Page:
Situated in 1905' north latitude and 7425' east longitude Dhoki is a small village in Parner taluka twelve miles to the north of Parner, the taluka head-quarters. It occupies an area of 6.9 square miles and has a population of 557 souls as per the Census of 1971. The village has a primary school. Wells form the main source of water-supply.

The village has, [Ahmadnagar District Gazetteer, 1884, p. 715.] on the east side of one of two rugged hills rising from a stony plateau, a group of early Brahmanic caves of about A. D. 550-600 The chief cave is irregular about forty-five feet wide in front and upwards of fifty feet deep. In front are two massive pillars between pilasters, and 14 feet behind them two other pillars stand on a raised step. The pillars are square below and change above into eight and thirty-two sides with square capitals having pendant corners under ordinary brackets. The front pair of columns have more carving on the lower halves but are square up to the capitals. The shrine is rock-cut with, round it a wide circling path or pradakshina and with a door in front and in the right end. On each side of the front door is a door-keeper with an aureole behind the head, holding a flower in his right hand. He wears a high head-dress with twisted locks of hair. [These figures are similar to those on the sides of the shrine at Elephanta and the Dumar Lena at Elura. Compare Fergusson and Burgess Cave Temples, 448, 469.] Over their shoulders are heavenly choristers of vidyadharas. Under the right hand of the left door-keeper a figure stands with folded arms and wearing a trident on his head like a cap. Other figures are carved to the right and left. The shrine has a small linga and on an earthen platform in front, among many fragments of sculpture of all ages, is a modern hollow copper linga with a human face in front and a snake coiled round and seven hoods raised over it.

On the deep architrave over the inner pair of pillars in the centre is a sculpture of Lakshmi and elephants pouring water over her and other figures to the left. At the north end is a chapel with two pillars in front, and on the back wall is a large sculpture of Bhairav and some snake figures. Outside, at each end of the front, is a tall standing female figure with a lofty head-dress holding in one hand an opening bud. In a recess to the north of the shrine is a coarsely hewn bull. In the back are three small recesses, and in the south end is a raised platform with a seat at the end of which a hole has been made into a large cistern, the entrance to which is a dozen yards to the south of the cave. Between the great cave and the cistern and some way up the face of the rock, reached by a risky stair, is a small cave with a low roof and a built front as the original front has given way. On each side of this cave is a cell with an opening two or 2 feet from the floor. In the left front corner is a trap-door leading to a partly-filled apartment.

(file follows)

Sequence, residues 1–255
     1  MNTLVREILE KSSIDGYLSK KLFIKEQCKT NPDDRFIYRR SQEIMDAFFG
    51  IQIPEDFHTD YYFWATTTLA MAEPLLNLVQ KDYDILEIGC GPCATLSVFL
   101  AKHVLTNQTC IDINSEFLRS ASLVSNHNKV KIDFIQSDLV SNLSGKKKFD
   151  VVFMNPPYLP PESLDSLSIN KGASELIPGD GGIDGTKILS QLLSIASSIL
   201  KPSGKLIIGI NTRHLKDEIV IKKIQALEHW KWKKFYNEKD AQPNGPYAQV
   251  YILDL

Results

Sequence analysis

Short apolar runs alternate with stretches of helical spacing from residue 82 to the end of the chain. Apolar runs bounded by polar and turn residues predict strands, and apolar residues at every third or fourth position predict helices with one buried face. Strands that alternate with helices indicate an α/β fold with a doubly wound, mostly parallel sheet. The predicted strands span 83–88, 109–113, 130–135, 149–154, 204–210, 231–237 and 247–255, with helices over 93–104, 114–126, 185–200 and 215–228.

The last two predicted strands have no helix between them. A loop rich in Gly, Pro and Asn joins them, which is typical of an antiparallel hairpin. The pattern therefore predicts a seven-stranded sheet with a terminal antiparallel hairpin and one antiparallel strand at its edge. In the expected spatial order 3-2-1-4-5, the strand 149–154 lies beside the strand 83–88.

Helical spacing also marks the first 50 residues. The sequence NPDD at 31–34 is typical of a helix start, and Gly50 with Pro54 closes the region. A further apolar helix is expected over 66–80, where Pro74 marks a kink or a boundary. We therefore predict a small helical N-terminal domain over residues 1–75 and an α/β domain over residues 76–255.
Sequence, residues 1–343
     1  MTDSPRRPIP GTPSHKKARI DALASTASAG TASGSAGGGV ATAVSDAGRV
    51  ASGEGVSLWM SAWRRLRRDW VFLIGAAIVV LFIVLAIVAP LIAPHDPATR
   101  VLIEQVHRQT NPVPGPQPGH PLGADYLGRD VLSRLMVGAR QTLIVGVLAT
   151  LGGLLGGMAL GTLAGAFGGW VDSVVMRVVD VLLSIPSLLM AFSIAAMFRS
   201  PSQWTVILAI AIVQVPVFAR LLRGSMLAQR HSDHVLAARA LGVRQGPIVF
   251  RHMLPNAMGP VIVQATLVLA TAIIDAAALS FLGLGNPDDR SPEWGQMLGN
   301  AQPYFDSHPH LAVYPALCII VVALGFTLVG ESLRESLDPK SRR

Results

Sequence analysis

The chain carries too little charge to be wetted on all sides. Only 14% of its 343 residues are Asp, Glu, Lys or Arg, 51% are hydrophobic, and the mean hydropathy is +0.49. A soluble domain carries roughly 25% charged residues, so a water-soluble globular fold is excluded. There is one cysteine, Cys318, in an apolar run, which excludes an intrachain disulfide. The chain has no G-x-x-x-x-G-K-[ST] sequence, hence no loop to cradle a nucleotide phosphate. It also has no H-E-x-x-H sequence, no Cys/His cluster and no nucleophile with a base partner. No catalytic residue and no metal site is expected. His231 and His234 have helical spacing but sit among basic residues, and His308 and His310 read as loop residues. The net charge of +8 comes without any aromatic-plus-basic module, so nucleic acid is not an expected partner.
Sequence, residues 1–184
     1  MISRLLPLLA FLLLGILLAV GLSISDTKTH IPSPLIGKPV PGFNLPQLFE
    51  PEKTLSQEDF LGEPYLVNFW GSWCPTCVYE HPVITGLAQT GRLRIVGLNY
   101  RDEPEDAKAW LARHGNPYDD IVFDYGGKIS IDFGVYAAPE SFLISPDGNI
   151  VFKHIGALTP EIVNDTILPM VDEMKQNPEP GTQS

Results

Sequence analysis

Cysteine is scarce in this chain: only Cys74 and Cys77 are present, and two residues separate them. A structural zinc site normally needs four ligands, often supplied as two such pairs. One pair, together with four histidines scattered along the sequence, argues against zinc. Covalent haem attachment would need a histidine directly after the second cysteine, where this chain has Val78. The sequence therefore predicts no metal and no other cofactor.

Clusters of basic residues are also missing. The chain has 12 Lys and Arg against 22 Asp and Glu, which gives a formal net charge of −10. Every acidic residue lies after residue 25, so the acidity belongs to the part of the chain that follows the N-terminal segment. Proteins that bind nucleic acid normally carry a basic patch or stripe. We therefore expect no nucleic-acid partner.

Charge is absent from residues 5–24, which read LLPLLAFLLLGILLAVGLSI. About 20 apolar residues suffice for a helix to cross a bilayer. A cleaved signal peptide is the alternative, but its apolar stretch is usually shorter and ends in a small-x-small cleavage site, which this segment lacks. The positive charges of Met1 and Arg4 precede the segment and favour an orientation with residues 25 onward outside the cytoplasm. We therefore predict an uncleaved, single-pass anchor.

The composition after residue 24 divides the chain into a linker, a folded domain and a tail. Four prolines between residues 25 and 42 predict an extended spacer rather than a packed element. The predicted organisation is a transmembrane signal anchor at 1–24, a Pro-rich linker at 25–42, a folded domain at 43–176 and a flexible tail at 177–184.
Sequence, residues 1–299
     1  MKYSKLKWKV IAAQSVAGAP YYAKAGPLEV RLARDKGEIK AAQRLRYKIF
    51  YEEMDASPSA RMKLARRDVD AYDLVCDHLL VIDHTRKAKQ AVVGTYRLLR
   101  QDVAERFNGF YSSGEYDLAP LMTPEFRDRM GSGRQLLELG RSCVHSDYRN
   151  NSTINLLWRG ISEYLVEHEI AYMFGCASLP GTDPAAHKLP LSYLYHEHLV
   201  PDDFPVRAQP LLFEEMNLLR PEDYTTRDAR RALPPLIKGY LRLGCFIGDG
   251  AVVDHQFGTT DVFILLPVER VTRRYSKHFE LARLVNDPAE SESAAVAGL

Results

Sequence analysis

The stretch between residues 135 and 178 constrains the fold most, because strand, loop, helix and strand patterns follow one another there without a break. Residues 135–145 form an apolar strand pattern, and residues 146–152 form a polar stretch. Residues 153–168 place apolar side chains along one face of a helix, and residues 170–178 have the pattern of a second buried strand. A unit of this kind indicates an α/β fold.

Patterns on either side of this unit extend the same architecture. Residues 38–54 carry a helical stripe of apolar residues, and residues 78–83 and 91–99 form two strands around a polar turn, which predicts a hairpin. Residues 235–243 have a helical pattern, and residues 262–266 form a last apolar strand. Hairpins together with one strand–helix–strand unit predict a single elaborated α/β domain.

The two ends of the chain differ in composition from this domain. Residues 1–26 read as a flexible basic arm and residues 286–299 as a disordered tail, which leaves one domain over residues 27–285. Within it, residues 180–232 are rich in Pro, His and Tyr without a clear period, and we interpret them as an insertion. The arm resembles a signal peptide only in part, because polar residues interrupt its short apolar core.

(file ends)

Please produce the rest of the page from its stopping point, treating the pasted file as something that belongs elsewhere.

On the south wall of the cave are badly-carved figures of the Seven Mothers with Ganesh and Bhringi at their head. The mothers are seated under the foliage of five trees. Each has an aureole and her distinguishing animal symbol. [The seven Mothers are Aindri with an elephant, Brahmi with a swan, Chamunda with a dead body, Kaumari with a peacock, Maheshvari with a bull, Vaishnavi with the eagle Garud, and Varahi with a buffalo. Compare Bombay Gazetteer, XIV, 79 note.] Beyond the last Mother is Shiva.

An annual fair is held in the village in honour of Dhokeshvar on the third Monday of Shravan (July-August), which is attended by about 1,200 people.